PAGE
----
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Warnock, Cortez Masto voted for COVID-19 relief bill, but not for leisure projects it helped fund
If Your Time is short
Raphael Warnock and Catherine Cortez Masto voted for the American Rescue Plan, a $1.9 trillion COVID-19 relief bill that gave $350 billion to state and local governments.
Treasury Department rules put few limitations on how the governments spent the funds.
Some of the governments approved spending some of the money on pricey leisure projects, including a hotel, a soccer stadium and a ski area.
Two new Democratic senators who are locked in tight re-election campaigns "squandered" hundreds of millions of dollars in COVID-19 relief money, according to a group tied to Senate Minority Leader Mitch McConnell, R-Ky.
The targets are Raphael Warnock, who won a special election in Georgia in 2021, and Catherine Cortez Masto, a first-term senator from Nevada.
Separate TV ads from the One Nation group claim that Warnock and Masto "voted to allow hundreds of millions of dollars of COVID relief funds to be squandered on a luxury resort in Florida, a New Jersey soccer stadium" and "a ski area in Iowa."
As the narrator speaks, dollar figures are shown on the screen for each project: $140 million, $15 million and $2 million, respectively. As the figures are shown, words on the screen refer to "Warnock’s spending bill" and "Cortez Masto’s spending bill."
To back its statement, One Nation pointed us to analyses by the Brookings Institution think tank and a statement from Senate Democrats. Spokespeople for the senators pointed out that leisure projects were not in the legislation.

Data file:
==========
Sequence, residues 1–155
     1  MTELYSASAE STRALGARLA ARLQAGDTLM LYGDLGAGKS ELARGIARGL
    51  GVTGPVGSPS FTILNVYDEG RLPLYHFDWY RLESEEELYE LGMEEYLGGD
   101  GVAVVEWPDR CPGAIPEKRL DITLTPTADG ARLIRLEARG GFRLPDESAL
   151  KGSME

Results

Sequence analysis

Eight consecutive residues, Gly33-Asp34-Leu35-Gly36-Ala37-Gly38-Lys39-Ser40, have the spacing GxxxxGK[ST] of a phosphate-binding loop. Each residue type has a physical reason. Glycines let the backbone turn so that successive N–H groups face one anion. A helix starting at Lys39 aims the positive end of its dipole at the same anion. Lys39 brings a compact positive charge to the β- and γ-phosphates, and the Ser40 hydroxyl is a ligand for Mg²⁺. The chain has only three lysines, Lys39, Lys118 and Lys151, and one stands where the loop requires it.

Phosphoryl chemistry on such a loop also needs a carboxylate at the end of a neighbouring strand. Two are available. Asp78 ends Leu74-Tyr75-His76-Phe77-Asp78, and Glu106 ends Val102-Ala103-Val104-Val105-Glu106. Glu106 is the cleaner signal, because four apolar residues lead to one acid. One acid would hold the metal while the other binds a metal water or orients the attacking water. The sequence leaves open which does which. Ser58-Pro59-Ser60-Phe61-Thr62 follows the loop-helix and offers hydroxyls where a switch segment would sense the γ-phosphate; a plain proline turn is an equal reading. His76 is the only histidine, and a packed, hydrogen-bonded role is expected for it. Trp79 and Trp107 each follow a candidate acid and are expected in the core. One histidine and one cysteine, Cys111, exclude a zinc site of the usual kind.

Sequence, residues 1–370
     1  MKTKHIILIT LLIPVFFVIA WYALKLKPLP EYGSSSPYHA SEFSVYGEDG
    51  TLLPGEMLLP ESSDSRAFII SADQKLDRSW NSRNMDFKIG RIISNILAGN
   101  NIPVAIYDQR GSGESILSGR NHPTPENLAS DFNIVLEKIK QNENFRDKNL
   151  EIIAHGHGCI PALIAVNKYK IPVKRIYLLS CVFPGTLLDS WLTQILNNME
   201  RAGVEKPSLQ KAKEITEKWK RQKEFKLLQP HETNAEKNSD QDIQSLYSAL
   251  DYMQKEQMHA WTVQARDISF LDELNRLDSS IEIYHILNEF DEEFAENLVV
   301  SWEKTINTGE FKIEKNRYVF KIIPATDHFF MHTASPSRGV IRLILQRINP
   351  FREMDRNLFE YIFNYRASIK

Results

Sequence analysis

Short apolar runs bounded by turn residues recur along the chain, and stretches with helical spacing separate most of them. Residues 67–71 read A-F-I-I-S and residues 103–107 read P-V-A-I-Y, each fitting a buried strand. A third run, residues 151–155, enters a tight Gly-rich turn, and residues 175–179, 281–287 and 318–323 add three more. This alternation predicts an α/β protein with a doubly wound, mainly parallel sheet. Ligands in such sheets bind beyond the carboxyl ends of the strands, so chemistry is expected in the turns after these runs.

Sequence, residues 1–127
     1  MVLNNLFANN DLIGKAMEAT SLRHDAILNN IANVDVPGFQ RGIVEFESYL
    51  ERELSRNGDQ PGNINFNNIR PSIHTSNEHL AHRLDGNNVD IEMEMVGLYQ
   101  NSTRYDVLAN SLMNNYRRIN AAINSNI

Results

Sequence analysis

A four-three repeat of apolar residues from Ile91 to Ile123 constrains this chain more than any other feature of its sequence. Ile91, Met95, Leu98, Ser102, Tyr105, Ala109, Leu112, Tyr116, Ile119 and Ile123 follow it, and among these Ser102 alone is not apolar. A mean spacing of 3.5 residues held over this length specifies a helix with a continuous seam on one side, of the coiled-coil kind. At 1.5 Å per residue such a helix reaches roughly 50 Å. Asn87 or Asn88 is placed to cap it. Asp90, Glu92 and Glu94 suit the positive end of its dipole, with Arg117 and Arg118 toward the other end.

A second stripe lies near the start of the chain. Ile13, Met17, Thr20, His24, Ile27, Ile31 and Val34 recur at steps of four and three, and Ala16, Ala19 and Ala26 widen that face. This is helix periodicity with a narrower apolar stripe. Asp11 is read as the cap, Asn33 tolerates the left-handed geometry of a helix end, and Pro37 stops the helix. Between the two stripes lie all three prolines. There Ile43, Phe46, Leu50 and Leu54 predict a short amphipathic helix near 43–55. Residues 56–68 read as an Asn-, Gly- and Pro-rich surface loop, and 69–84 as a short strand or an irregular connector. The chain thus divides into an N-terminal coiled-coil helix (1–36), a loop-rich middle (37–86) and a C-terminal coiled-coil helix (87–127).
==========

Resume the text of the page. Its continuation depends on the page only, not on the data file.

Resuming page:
Both senators voted for a $1.9 trillion COVID-19 relief bill, the American Rescue Plan, which passed 50-49 along party lines. President Joe Biden signed it into law in March 2021.
The bill did not itemize the three expenditures highlighted in the ad; rather, it included $350 billion that could be spent by state and local governments, which is how each of these three projects were funded. The three projects could be called "leisure," but local officials said they were intended to revive tourism once the pandemic was over.
The ads target Nov. 8 races that campaign watchers rate as toss-ups. Their outcomes could decide which party controls the Senate, which is split 50-50. The Republican challengers, Herschel Walker in Georgia and Adam Laxalt in Nevada, are endorsed by former President Donald Trump.
One Nation is a nonprofit that shares resources with the Senate Leadership Fund, McConnell’s super PAC. One Nation is a so-called dark-money group, which is not required to disclose its donors even if it spends to influence elections. One Nation spent $125 million in the 2020 election cycle, according to the nonprofit OpenSecrets. That included spending on ads and contributing $85 million to McConnell’s super PAC.
The ads cite a March news article by TheAssociated Press that said the three leisure projects were among scores of projects that state and local governments funded with the coronavirus relief money "despite having little to do with combating the pandemic."